One thing that few people know about Anguilla is that it is honeycombed with caves. Cavannagh Cave houses petrified remains of a giant 3400-pound rodent and a chute that drops 60 feet before hitting the water. The large, cool interior of the Katouche Cave boasts a tree growing out of an opening in the roof and the twittering of bats filling the air with their high-pitched squeaks.

On the water side of Crocus Bay we can anchor near the rocky coast and snorkel looking for hidden caves under the surface.

Road Bay

For divers, this island is paradise—Anguilla’s turquoise waters boast seven marine parks: Dog Island, Prickley Pear, Seal Island Reef System, Little Bay, Sandy Island, Shoal Bay Harbour Reef System and Stoney Bay Marine Park.

However, it is best known for the wrecks off the coast of Road Bay. The MV Sarah is the longest at a whopping 232 feet, the wreck of the Dutch cargo ship the Oosterdiep was deliberately sunk upright and is now a popular night dive, and the MV Meppel took part in the “Dunkirk” operation during World War II, when Allied soldiers were evacuated after being surrounded by German troops. Now it is the home an array of marine life as part of an artificial reef system.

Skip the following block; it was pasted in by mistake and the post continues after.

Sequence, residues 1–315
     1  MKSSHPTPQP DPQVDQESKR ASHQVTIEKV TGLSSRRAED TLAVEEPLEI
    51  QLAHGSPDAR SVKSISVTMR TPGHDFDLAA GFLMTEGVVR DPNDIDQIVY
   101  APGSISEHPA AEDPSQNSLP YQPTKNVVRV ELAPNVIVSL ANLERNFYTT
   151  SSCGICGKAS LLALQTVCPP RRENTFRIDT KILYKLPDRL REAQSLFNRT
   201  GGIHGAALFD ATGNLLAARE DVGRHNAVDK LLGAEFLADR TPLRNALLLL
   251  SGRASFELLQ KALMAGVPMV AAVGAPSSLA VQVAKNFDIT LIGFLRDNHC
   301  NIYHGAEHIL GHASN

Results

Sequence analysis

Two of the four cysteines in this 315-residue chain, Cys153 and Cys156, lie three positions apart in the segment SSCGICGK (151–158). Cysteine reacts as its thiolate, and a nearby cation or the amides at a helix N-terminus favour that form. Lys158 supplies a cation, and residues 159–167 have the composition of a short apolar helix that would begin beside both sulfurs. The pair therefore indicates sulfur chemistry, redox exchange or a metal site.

Dog Island

A half day sail will bring us to the uninhabited Dog Island. This low-lying patch of sand is part of a marine preserve. We can hike along the rocky coast, paddle board and tube over the crystal clear water, and snorkel the beautiful protected reefs.

Prickly Pear Cay

Prickly Pear to the east of Dog Island are a pair of small uninhabited islands divided by a narrow channel. Like Dog Island, these cays are popular for hiking and snorkeling, but Prickly has the unique bonus of a restaurant on the beach.

Mead’s Bay

After days of snorkeling, diving, and cave hikes, settle in for some luxury at Mead’s Bay. Spend a day lounging on the white sand beach before heading back to Neverland and get dressed up for a celebratory final dinner at Salt, the signature restaurant of The Four Seasons Anguilla.